I offer these criticisms so I don’t come off as a fanboy. The fact is, Tina Brown was a once-in-a-lifetime creative force in a business that generally rewarded dull competence. She set the bar high (“Always do the impossible thing first”), urged writers to have a big life (“Go out, go out, and bring something back, even if it’s only a cold”), and took her greatest pleasure in marking copy with a red pencil (“It’ll cut like butter.”) These days, when New York media folk tell me how hard they work, I just smile. And think, “Not compared to Tina Brown.”
Her diaries are a record of her creativity, decisiveness and pluck. For those who didn’t discover her crisp prose in "The Diana Chronicles," the diaries also reveal that she is a wickedly good writer.
This book is not for everyone. If you missed the ‘80s in New York or are thrilled they’re gone, you won’t love sustained coverage of big egos and big money. If the inner workings of a media machine and the name Conde Nast mean nothing to you, take a hard pass. On the other hand, she’s intimate to a degree you won’t expect on the subject of motherhood and her concern for her son, whose Asperger’s syndrome was undiagnosed for years. Her inability to be acknowledged for what she was achieving at VF — for her first four years, she was so scandalously underpaid that Hearst very nearly poached her — will remind you that economic inequity for women extends right to the top.
Candid? Interesting? Consider…
- Walter Mondale “would make an excellent prime minister of Norway.”
- Betsy Bloomingdale “has the wind-tunnel look of a recent face-lift.”
- New York Times society reporter Charlotte Curtis: “a coiffed asparagus, exuding second-rate intellectualism.”
- Arianna’s husband Michael Huffington: “a tall glass of water with a weak smile.”
- Amanda Burden: “a charming sparrow-faced blonde who clearly longs to be looked after.”
- Swifty Lazar: “tiny and bald and hairy in the wrong places.”
- Mica Ertegun “seems to have made a career out of the enigma of her marriage.”
- Joan Didion and John Gregory Dunne, “who I find are always a struggle.”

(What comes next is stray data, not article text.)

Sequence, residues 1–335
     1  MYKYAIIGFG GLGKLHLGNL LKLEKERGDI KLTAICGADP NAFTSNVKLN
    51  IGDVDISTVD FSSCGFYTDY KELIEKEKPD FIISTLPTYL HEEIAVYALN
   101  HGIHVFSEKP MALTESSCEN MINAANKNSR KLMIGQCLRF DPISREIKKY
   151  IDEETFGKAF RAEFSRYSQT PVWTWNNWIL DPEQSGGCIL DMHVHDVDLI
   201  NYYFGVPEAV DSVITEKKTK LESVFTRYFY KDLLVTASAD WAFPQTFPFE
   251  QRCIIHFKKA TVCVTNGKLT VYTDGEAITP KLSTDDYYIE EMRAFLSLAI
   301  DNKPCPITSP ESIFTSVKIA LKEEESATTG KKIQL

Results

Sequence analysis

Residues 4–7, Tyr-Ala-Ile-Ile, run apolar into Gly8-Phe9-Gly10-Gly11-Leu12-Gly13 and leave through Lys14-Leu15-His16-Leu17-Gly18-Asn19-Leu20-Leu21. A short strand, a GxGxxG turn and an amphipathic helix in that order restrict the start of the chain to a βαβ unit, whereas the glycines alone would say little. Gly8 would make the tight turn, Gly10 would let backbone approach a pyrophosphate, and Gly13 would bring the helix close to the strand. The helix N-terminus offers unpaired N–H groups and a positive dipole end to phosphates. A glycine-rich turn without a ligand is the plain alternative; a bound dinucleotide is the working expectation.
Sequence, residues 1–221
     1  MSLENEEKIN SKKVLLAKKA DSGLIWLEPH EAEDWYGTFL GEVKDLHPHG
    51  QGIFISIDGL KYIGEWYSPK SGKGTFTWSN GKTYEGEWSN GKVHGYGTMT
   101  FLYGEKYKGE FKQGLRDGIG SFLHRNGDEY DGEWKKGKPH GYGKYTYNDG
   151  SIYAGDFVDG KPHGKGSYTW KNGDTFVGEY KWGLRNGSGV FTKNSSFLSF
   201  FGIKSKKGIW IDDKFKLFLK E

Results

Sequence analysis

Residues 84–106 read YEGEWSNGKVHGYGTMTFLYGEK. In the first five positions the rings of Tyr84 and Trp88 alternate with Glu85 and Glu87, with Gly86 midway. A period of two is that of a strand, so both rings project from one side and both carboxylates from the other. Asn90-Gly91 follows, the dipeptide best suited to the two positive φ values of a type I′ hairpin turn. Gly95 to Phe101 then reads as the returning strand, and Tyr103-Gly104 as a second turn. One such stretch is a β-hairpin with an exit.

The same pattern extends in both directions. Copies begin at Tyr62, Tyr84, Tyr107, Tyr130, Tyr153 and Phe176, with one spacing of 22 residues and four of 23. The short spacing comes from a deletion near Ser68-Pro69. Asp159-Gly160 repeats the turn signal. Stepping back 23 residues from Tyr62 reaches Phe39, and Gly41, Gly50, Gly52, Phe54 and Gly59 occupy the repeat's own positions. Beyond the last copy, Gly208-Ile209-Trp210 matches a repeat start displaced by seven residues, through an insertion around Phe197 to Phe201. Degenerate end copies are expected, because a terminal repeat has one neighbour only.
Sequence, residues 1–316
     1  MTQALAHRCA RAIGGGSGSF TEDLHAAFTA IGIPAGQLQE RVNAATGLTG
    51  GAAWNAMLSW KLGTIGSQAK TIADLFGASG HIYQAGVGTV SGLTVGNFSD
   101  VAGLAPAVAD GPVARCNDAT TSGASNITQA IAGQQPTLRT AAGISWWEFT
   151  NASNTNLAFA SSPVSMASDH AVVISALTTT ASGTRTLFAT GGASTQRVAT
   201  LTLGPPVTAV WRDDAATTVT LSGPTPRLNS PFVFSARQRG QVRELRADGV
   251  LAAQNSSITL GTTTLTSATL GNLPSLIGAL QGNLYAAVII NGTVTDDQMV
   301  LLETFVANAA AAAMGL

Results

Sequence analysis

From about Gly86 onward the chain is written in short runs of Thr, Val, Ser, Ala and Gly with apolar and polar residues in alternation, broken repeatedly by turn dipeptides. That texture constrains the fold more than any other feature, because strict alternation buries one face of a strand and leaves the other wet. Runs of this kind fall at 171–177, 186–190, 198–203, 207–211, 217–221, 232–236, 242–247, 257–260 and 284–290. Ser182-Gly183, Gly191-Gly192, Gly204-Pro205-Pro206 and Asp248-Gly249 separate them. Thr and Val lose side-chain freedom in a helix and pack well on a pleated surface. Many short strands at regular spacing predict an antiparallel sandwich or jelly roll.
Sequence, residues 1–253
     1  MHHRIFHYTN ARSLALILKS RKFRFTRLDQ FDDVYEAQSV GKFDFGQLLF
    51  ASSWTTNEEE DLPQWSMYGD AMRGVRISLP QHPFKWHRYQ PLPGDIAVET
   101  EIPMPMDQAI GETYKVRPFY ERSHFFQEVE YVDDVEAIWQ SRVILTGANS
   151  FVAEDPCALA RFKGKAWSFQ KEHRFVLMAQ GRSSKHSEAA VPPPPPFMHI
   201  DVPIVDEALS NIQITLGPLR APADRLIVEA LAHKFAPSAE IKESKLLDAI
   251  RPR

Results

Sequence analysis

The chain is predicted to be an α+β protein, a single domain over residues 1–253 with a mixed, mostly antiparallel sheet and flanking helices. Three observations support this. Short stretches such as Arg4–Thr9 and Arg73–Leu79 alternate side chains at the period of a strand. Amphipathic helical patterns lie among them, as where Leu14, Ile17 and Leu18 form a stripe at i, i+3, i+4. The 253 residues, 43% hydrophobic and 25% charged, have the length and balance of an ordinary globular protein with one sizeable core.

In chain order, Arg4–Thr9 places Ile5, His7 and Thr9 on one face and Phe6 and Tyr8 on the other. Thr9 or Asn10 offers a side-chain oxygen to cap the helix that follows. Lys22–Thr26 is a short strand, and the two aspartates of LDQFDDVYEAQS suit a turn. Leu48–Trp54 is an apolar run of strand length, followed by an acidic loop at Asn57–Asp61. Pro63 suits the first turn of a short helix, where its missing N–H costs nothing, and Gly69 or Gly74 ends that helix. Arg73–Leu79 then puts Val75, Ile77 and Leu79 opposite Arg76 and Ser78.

She’s at her aspish best on Conde Nast management. Alex Liberman is “like a spider in the center of a web. Spinning and spinning and reeling you in on silken thread.” His wife Tatiana is “a barking dinosaur.” S.I. Newhouse and his brood are “a family of gerbils.”
At the end of this book, she decamps to The New Yorker, which she transforms into a success that David Remnick will build on. Her beloved mother dies and she launches Talk, unwisely seduced by Harvey Weinstein’s promise of equity. Massive spending and an advertising desert after 9/11 doom that magazine. She launches The Daily Beast, another budget-buster, on the Web. And now she’s found a home in the women’s conference zone.
Back at Vanity Fair, Graydon Carter, standing on her shoulders, staged a holding action for 25 years, freezing the magazine’s DNA while making a 7-figure salary, plus perks, and building his personal brand as a restaurateur and film producer. With his departure, that ends. Conde Nast told his potential replacements that they’ll have a vastly lower salary and that “they’d like them to reimagine the magazine, its digital properties and its conference business — but that the title’s budget would be shrinking.” The brave new editor, Radhika Jones, comes from the books department of the Times, which has been brutally slashing budgets for years. Translation: Conde Nast is preparing this tired title to be a smaller, less successful brand.
Sic transit Gloria? Well, magazines, like all organisms, have a life cycle. Tina Brown? “Unless I’m working, I am agitated,” she writes. Does Act 3 lie ahead (or is it Act 4) for her? Never say never.
The book's strength resides in Brown's smart, witty take on situations and personalities. She mixed with literary lions, celebrities and the social glitterati, and she has entertaining tales to tell. Wide open to experience and sharply observant, with a gift for the telling detail, her writing is a treat to read.
Now, it is repetitive. And if name dropping is offensive to you, DON'T READ!. If continual descriptions of dinners is pretentious, DON'T READ. And I must admit that it is too slow when it leaves the magazine story and moves too much in to dinner parties. But in the end it is a very compelling read of how an underpaid Brit finally gets what is coming and really makes a name for herself in NYC. I enjoyed immensely. But it is a commitment and not without slow, dull parts. But when Warren Beatty calls you for lunch, it's worth reading why. Enjoy.